Donald Trump denounced Hillary Clinton in harsh, sweeping and personal terms yesterday, a day after she denounced him in similar fashion.

So we now have the first real slugfest of the general election, and the punches thrown—attention, media folks—were mainly about substance.

From Wall Street speeches to the Clinton Foundation, from private email to Benghazi, Trump declared that “Hillary Clinton may be the most corrupt person ever to seek the presidency of the United States.” And: “She’s virtually done nothing right. She’s virtually done nothing good.”

All this is catnip for the media—but it’s our job to dig deeper.

Trump’s disciplined approach in lower Manhattan, reading a scripted speech in a less than bombastic tone, was striking. Perhaps this was the first step in an effort to convince skeptics in his own party, worried about his divisive comments and anemic fundraising, that he can campaign like a mainstream candidate and take the fight to Clinton. The question is whether he’ll sustain it.

But what was equally striking was the marshalling of facts in an attempt to build a negative narrative around Hillary, rather than just hurling insults such as “world-class liar” at her. That is the mirror image of what the Democratic nominee tried in her Columbus speech to do to him.

Trump attempted to stitch together Clinton’s foreign policy record, personal fortune and personal scandals into a mosaic of an untrustworthy person. He portrayed her as being a candidate who defends the special interests who fund her campaigns, while also profiting from those special interests in the form of gargantuan speaking fees to her and her husband.

As an outsider candidate, this is a potentially strong message for him, casting Clinton as the champion of a rigged system who cozies up to the powerful, as Trump himself used to do. But the impact is weakened by the fact that Trump, after largely self-funding his campaign, now finds himself having to raise money from big donors himself.

There were jabs like the one at her “phony landing” in Bosnia – when Clinton falsely claimed to have run from enemy fire as first lady – followed by this: “Brian Williams’ career was destroyed for saying far less.” (Williams, who lost his NBC anchor job for falsely claiming to have been attacked in a chopper in Iraq, was anchoring on MSNBC and had to feel a bit uncomfortable.)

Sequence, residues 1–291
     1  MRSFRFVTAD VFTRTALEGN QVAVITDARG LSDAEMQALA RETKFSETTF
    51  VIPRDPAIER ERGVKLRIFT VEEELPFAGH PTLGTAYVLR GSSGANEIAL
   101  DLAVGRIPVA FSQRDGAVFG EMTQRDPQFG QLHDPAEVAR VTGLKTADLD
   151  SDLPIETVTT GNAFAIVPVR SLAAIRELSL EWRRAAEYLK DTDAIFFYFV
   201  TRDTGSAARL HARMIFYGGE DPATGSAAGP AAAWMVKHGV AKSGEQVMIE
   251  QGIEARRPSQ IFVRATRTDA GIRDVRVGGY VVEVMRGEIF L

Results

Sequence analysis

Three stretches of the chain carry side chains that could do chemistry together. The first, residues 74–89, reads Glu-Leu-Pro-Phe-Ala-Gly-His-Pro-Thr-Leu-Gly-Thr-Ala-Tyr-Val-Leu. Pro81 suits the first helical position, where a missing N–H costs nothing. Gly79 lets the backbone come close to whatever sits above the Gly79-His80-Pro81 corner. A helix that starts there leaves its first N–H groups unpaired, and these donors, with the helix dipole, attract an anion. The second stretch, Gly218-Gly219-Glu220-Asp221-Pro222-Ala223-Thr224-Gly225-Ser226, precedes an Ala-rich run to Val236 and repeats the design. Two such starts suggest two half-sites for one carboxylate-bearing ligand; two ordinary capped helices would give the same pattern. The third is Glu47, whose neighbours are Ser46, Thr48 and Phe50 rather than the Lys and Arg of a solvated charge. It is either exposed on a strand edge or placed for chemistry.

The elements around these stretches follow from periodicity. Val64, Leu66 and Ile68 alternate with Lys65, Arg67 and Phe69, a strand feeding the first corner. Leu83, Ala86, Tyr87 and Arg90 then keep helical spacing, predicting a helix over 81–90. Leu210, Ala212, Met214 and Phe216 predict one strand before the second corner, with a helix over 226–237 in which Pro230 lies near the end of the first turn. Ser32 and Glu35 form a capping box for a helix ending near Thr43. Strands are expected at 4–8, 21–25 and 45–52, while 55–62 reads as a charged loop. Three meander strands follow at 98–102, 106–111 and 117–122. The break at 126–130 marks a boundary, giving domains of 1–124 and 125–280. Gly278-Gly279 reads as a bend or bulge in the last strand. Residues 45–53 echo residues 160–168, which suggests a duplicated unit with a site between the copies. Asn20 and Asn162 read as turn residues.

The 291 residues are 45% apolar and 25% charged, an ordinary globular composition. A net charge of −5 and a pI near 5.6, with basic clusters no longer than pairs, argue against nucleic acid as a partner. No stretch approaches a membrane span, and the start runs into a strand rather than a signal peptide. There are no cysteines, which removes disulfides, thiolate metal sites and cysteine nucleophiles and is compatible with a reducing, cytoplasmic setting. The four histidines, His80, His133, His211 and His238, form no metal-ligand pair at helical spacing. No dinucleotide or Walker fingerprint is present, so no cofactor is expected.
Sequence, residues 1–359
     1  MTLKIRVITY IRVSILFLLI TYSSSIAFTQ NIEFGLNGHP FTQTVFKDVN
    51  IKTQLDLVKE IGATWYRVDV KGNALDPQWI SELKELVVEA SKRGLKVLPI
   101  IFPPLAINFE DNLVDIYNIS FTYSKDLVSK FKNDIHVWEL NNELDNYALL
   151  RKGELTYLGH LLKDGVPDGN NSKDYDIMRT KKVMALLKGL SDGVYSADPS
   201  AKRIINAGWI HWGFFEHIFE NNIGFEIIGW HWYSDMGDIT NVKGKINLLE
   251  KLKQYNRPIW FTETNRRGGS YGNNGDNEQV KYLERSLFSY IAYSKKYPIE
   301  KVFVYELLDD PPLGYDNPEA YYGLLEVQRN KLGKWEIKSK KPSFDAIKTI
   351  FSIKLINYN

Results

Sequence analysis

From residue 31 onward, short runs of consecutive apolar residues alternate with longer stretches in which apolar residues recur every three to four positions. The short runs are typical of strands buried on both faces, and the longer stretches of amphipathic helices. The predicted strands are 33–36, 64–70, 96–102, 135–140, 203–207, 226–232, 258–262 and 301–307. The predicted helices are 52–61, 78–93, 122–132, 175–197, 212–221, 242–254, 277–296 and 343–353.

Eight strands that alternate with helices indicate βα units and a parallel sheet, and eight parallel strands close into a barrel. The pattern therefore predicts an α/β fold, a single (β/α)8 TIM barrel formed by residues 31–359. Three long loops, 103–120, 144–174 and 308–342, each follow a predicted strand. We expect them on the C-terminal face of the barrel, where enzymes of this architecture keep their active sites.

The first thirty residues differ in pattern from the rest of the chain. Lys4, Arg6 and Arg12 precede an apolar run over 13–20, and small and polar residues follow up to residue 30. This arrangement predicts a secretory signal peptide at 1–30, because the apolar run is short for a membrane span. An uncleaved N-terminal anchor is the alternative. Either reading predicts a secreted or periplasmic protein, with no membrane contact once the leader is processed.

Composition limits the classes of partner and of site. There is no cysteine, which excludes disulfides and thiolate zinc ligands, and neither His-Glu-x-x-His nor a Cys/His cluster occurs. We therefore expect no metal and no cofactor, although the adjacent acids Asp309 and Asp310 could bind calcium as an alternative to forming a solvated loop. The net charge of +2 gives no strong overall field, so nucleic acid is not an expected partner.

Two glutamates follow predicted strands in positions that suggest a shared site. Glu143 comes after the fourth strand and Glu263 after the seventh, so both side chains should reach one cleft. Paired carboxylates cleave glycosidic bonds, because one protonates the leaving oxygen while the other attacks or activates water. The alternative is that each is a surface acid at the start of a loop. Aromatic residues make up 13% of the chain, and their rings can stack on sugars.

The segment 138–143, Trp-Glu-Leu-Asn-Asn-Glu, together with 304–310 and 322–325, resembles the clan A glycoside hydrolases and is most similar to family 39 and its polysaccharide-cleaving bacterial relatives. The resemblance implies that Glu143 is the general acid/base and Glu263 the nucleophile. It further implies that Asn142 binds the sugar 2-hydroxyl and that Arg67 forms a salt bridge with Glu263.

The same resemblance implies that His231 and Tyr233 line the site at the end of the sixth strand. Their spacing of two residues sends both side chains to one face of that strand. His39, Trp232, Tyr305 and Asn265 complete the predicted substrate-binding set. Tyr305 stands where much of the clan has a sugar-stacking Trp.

There was over-the-top hyperbole: “In just four years, Secretary Clinton managed to almost single-handedly destabilize the entire Middle East.” What about President Obama? What about George W. Bush, whose Iraq invasion Trump has regularly attacked for causing havoc in the Mideast?

And Trump made Benghazi searingly personal, claiming that Ambassador Chris Stevens “was left helpless to die as Hillary Clinton soundly slept in her bed -- that's right, when the phone rang at 3 o'clock in the morning, she was sleeping.”

A side note: Trump at various points made appeals to Bernie Sanders voters, LGBT people and inner city folks—not the usual approach for a Republican nominee.

It’s clear now that Trump and Clinton plan to pummel each other in an attempt to disqualify each other from the presidency.

But here’s the good news. They are fighting about Clinton’s foreign policy and Trump’s economic policy, about her record at the State Department and his record in the business world. This is a debate far preferable to taunts about sweating and hand size. It will be a test for the media to analyze, report and fact-check these charges and countercharges rather than just treating them as incendiary sound bites.

Howard Kurtz is a Fox News analyst and the host of "MediaBuzz" (Sundays 11 a.m. and 5 p.m. ET). He is the author of five books and is based in Washington. Follow him at @HowardKurtz. Click here for more information on Howard Kurtz.